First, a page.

Polanski and Robert Harris, a best-selling English novelist, co-wrote the screenplay based on Harris’ novel The Ghost published in September, 2007. The film/novel is about a writer, played by Ewan McGregor, who has been hired to ghostwrite the autobiography of the recently retired British prime minister (starring Pierce Brosnan) and in the process of doing so uncovers an espionage conspiracy intended by powerful people in the U.S. and Great Britain to remain deeply buried.
The penultimate scene of the film takes place in Manhattan at a star-studded event celebrating the release of the new book. The ghostwriter, Ewan McGregor, is at the event and he passes a note to the widow of the recently assassinated prime minister—it turns out the wife had been a CIA operative during her entire marriage to the bloke—to let her know he has put together all of the pieces of this well-crafted puzzle. She is not pleased and begins to muster her co-conspirators.
Ewan promptly exits the party into the chilly, rainy, New York evening, the original six hundred pages of manuscript tucked under one arm. He steps into the apparently deserted street, his car parked on the other side. As McGregor goes out of frame to the right, the camera latches on to a dark, sleek sedan, headlights off, roaring with pace down the street from the left across the frame.The camera remains focused straight ahead; it does not follow the car to the right. There is only the sound……The sound a car would make if it hits a pedestrian travelling at a high speed. A brief screech of brake, followed by the throaty roar of the big engine sedan as it resumes acceleration. The camera remained focused straight ahead. Everything goes quiet for several seconds. A feint rustle emanates from the right; like large dry maple leaves scraping the pavement. And then, scores of pages of manuscript blow to the left across the frame, the camera following them as they cartwheel down the middle of the street, dancing in the air, propelled along by a freshening wind.
We sat rigid in our seats for what seemed like minutes; but likely only seconds. I grabbed Hilary’s leg and asked Brittany “Are you alright?” She and Hilary were in a state of shock—staring straight ahead—tears erupting from their eyes. The credits were rolling up the screen. All we saw was flashback.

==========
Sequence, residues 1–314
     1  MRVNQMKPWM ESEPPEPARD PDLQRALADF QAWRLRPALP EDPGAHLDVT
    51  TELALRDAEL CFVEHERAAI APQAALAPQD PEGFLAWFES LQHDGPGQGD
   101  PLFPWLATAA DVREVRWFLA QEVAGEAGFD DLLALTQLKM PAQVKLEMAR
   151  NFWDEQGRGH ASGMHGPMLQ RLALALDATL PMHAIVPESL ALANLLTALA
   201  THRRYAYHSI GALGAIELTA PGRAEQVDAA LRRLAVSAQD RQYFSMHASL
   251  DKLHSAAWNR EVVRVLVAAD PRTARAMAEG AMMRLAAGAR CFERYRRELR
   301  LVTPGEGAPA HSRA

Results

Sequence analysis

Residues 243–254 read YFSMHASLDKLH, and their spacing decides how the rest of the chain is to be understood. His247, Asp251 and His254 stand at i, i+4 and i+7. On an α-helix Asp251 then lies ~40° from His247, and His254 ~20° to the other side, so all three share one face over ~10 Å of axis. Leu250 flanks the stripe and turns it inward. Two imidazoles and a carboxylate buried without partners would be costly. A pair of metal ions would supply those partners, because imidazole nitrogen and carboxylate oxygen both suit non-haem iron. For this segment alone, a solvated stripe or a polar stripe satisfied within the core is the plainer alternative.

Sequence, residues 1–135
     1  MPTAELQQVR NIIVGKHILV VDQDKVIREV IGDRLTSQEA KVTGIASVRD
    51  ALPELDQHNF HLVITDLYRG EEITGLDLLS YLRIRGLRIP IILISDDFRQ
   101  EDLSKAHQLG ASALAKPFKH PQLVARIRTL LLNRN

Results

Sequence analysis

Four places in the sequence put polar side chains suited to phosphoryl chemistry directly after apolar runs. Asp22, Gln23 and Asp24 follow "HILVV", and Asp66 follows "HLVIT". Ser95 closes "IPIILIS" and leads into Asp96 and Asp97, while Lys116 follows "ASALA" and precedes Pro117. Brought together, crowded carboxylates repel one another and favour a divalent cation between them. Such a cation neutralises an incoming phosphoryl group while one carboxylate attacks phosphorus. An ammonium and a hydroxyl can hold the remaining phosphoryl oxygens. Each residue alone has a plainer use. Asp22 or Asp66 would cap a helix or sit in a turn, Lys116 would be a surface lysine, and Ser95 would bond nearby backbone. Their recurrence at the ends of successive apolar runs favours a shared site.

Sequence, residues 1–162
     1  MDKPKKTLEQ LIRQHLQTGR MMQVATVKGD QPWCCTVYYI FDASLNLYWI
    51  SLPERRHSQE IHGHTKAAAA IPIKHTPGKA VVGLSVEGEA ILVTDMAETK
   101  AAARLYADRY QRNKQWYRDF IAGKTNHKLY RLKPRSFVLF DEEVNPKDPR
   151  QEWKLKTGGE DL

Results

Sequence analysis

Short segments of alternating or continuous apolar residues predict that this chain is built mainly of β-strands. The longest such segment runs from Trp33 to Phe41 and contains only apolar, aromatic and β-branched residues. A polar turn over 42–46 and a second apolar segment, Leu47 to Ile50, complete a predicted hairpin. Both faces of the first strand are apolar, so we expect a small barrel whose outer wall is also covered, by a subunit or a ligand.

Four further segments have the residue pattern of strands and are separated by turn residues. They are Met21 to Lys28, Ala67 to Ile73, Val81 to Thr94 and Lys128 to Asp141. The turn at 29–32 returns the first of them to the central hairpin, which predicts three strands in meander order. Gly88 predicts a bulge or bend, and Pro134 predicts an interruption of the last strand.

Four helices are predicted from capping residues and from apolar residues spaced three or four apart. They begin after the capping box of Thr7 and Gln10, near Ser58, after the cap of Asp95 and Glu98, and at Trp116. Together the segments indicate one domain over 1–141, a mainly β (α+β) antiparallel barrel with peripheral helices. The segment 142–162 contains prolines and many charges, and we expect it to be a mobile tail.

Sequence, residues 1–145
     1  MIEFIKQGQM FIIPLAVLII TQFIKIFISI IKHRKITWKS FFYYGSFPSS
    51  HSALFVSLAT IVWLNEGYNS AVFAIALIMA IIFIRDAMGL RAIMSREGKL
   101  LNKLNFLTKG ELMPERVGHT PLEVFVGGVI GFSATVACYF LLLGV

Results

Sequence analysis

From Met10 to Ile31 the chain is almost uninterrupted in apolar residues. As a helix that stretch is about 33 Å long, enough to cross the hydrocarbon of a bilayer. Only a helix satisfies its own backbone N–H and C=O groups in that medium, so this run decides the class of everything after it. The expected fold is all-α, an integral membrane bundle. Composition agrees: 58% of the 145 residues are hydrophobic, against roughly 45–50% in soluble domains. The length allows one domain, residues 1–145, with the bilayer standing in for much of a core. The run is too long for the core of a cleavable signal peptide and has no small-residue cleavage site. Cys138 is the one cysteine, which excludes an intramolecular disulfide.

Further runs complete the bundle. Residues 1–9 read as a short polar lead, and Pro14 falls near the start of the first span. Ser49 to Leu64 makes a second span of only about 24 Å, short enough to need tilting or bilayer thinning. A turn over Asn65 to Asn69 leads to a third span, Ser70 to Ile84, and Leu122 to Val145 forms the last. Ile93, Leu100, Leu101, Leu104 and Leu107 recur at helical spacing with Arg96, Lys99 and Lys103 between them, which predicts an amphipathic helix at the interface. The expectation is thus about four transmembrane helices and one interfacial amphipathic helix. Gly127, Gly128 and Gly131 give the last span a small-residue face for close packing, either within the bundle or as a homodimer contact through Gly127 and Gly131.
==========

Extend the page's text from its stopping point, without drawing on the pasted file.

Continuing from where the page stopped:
Friday night, August 8, 2008—the last time the four of us were together. Jimmy had driven down from Los Angeles that evening to see my sister and her family visiting from Switzerland and to do some shopping with us to get ready for a two week sea kayaking trip to Southeast Asia he’d be making in a few days. Jimmy brought home with him the latest draft manuscript of Now’s The Time, the screenplay he’d been working off and on for the last two years. He placed our copy on the piano bench in our family room. He could hardly wait for us to read it and talk with him about it.
In a drawer in our bedroom lay his other plays and screenplays, including the other project he had been furiously working on the last nine months; a screenplay for a motion picture he and his best friend, Evan, had ghostwritten for a major Hollywood director.
That Friday night Jimmy left our house to meet up with some friends at a party. Early Saturday morning, after too many beers, he decided to walk home instead of drive. On the dark and winding Del Dios Highway he was struck by an automobile and instantly killed. That car flipped over but the driver, thankfully, suffered no physical injuries. Two other cars would hit him as he lay in the road, already gone, but they accelerated and left the scene.
Thousands of pages blowing across the screen.
Jimmy, stretched out on the couch, holding the book The Ghost Writer, big grin across his face—smiling—late 2007—now.
“Fuck me!” I succinctly summarized.
Hilary had already said it, better:
“It seems more impossible than ever.”
Later that evening, as Hilary and I debriefed the film experience over a glass of wine, we looked over to his spot on the couch, raised our glasses and toasted, once again, our beloved ghostwriter.
The “bad thing at work” began two days after our reading with Mary. My largest client, who liked to yell and scream, ran a billion-dollar investment fund. He was embroiled in a major dispute with his largest investor and one of the biggest pension funds in the world. I told him he either had to calm down or I was going to quit. He did and, although the negotiations were really tough and took place over two and a half years, everything was finally resolved in late 2012. And then I quit the law practice.
I went to work for a very large family owned real estate firm founded in San Diego in 1906. Shortly after I started the family patriarch and I figured out that the founder-his grandfather- and my grandfather, Vern Case, knew each other when Vern was working and living in Coronado in 1944. The meeting in Coronado had already taken place and my grandfather stood in for me!
In October Hilary and I travelled to Switzerland and flew together with my sister Laura and her family to Tanzania for a photo safari and one of the best trips of our lives. We spread some of Jimmy’s ashes in the low hills above the Mara River in the western Serengeti. Two weeks later we were back home.
I listen to everything Hilary says.
We will always have two children.
And as for our ghost? Jimmy continued to stay very busy.